Your Right to Believe
You probably cherish your right to believe whatever you wish to believe. So does almost everyone else. By exercising this right, earth’s six billion inhabitants have produced an amazing diversity of beliefs. Like the variations in color, shape, texture, taste, smell, and sound that we find in creation, differing beliefs often add interest, excitement, and enjoyment to life. Such variety can, indeed, be the spice of life.—Psalm 104:24.
BUT there is a need for caution. Some beliefs are not only different but also dangerous. Early in the 20th century, for example, some people came to believe that Jews and Freemasons had plans to “disrupt Christian civilization and erect a world state under their joint rule.” One source of this belief was an anti-Semitic tract entitled Protocols of the Learned Elders of Zion. The tract alleged that the plans included advocating excessive taxation, promoting armament production, encouraging giant monopolies so that ‘Gentile wealth could be destroyed in one blow.’ Allegations also included manipulating the education system so as to ‘turn Gentiles into unthinking beasts,’ and even constructing underground railways to join capital cities so that the Jewish elders could ‘quell any opposers by blowing them sky-high.’
These, of course, were lies—designed to inflame anti-Semitic feelings. ‘This preposterous fiction,’ says Mark Jones of the British Museum, ‘spread abroad from Russia,’ where it first appeared in a newspaper article in 1903. It reached The Times of London on May 8, 1920. More than a year later, The Times exposed the document as a fake. In the meantime, the damage had been done. ‘Lies like these,’ says Jones, ‘are hard to suppress.’ Once people accept them, they produce some very jaundiced, poisonous, and dangerous beliefs—often with disastrous consequences, as the history of the 20th century has shown.—Proverbs 6:16-19.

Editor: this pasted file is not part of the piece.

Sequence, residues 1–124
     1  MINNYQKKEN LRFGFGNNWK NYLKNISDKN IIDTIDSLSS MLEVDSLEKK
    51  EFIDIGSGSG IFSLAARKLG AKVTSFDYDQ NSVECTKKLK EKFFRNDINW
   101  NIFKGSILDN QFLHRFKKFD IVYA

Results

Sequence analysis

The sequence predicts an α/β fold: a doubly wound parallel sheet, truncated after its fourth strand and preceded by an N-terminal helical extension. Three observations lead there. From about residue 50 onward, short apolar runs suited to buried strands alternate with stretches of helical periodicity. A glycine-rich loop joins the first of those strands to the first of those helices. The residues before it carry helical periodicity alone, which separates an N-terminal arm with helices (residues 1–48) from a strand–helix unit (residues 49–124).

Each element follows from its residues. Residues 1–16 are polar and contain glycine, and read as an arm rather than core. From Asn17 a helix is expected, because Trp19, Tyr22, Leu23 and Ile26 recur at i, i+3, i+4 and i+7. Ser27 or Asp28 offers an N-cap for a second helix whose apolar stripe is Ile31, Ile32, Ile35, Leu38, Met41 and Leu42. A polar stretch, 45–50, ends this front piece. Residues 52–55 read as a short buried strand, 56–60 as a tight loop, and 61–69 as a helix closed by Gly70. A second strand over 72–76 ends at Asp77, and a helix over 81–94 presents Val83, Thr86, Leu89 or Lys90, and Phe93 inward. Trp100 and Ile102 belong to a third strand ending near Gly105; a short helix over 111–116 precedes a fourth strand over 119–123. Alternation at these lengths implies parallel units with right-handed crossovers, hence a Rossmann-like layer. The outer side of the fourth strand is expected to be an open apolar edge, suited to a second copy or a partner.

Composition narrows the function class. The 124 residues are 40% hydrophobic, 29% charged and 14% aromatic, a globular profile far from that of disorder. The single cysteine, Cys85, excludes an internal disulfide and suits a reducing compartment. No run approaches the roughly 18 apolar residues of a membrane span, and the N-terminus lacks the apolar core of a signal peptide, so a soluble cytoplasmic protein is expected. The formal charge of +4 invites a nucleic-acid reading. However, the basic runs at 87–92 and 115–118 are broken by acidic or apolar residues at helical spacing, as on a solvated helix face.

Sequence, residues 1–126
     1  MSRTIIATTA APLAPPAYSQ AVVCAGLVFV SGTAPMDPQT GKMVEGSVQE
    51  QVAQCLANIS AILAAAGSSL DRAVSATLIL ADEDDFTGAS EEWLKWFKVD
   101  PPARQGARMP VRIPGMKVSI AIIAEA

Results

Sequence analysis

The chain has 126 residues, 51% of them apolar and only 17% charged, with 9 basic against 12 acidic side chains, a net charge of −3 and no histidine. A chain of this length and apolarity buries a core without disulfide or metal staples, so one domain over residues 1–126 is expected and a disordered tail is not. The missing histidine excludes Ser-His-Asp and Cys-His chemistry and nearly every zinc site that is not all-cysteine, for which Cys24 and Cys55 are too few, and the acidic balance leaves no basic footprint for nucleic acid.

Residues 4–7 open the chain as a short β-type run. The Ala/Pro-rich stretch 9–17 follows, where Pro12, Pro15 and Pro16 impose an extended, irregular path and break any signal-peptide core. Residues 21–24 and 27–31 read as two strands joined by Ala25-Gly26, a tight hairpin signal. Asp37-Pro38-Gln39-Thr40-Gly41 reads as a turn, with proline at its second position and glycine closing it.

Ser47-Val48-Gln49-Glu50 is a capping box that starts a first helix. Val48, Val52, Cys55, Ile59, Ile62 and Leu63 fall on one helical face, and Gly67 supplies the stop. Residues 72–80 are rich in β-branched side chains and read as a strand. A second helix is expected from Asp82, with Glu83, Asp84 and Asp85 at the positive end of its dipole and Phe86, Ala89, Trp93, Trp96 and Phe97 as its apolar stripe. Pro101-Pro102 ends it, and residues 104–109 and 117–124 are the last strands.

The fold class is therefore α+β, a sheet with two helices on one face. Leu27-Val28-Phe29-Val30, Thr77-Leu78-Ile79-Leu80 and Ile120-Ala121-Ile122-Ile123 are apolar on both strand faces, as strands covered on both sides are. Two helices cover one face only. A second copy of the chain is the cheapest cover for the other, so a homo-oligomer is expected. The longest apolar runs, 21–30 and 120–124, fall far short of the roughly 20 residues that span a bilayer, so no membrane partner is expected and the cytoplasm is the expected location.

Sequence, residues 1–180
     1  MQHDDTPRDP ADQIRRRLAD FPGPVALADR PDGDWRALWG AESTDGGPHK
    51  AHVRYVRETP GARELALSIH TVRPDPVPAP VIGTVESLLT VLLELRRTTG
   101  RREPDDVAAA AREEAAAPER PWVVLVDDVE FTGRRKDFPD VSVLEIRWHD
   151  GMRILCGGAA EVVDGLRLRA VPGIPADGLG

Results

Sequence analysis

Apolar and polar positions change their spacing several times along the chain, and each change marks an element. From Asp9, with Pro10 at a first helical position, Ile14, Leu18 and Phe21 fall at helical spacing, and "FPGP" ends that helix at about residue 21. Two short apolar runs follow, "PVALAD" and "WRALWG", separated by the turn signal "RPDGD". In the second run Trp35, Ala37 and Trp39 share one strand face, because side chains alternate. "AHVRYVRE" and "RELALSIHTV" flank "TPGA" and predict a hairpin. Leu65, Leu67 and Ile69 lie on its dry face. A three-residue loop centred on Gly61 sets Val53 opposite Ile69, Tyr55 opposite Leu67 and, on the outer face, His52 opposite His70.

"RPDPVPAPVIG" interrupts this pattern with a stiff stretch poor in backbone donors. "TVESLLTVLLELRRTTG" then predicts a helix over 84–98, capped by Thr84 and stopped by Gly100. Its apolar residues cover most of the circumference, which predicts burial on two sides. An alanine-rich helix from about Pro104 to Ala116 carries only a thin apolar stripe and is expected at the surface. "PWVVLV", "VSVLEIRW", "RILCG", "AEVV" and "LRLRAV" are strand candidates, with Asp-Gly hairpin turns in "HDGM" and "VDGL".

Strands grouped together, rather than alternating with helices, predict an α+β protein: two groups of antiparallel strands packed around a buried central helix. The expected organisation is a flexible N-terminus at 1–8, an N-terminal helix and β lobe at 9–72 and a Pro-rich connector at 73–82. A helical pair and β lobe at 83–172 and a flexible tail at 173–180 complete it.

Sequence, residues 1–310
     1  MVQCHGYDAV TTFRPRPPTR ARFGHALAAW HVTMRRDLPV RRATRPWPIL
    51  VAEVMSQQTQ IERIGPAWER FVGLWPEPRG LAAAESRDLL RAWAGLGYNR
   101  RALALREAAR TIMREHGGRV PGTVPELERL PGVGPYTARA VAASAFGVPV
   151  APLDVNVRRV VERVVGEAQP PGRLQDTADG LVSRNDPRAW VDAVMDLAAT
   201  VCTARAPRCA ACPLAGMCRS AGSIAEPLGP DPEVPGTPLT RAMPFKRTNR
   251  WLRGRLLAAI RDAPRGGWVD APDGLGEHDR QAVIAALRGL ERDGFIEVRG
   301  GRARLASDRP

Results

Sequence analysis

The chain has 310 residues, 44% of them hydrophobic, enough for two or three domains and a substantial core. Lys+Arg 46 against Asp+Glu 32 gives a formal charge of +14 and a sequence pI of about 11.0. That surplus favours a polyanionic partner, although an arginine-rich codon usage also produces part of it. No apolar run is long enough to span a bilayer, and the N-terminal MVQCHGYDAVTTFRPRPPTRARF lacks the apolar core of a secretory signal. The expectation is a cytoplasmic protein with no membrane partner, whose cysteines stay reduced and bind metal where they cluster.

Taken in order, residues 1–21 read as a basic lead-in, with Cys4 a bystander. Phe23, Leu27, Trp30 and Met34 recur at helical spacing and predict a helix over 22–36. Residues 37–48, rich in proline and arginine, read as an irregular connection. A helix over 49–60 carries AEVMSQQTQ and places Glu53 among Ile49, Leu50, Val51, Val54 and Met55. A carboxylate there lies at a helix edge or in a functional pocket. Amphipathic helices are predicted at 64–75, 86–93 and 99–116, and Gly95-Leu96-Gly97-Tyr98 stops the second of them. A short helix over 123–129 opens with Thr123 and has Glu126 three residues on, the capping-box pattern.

Belief Versus Truth
Of course, it does not take deliberate lies to develop mistaken beliefs. At times, we just misread things. How many people have met untimely deaths doing something they believed was right? Then again, often we believe a thing simply because we want to believe it. One professor says that even scientists “often fall in love with their own constructions.” Their beliefs becloud their critical judgment. Then they may spend a lifetime in vain trying to shore up mistaken beliefs.—Jeremiah 17:9.
Similar things have happened with religious beliefs—where immense contradictions exist. (1 Timothy 4:1; 2 Timothy 4:3, 4) One man has deep faith in God. Another says that the man is only “weaving faith out of moonshine.” One maintains that you have an immortal soul that survives death. Another believes that when you die you cease to exist, totally and completely. Obviously, conflicting beliefs like these cannot all be true. Is it not the course of wisdom, then, to make sure that what you believe actually is true and not simply what you want to believe? (Proverbs 1:5) How can you do that? The following article will examine this subject.
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1921 article exposing “Protocols of the Learned Elders of Zion”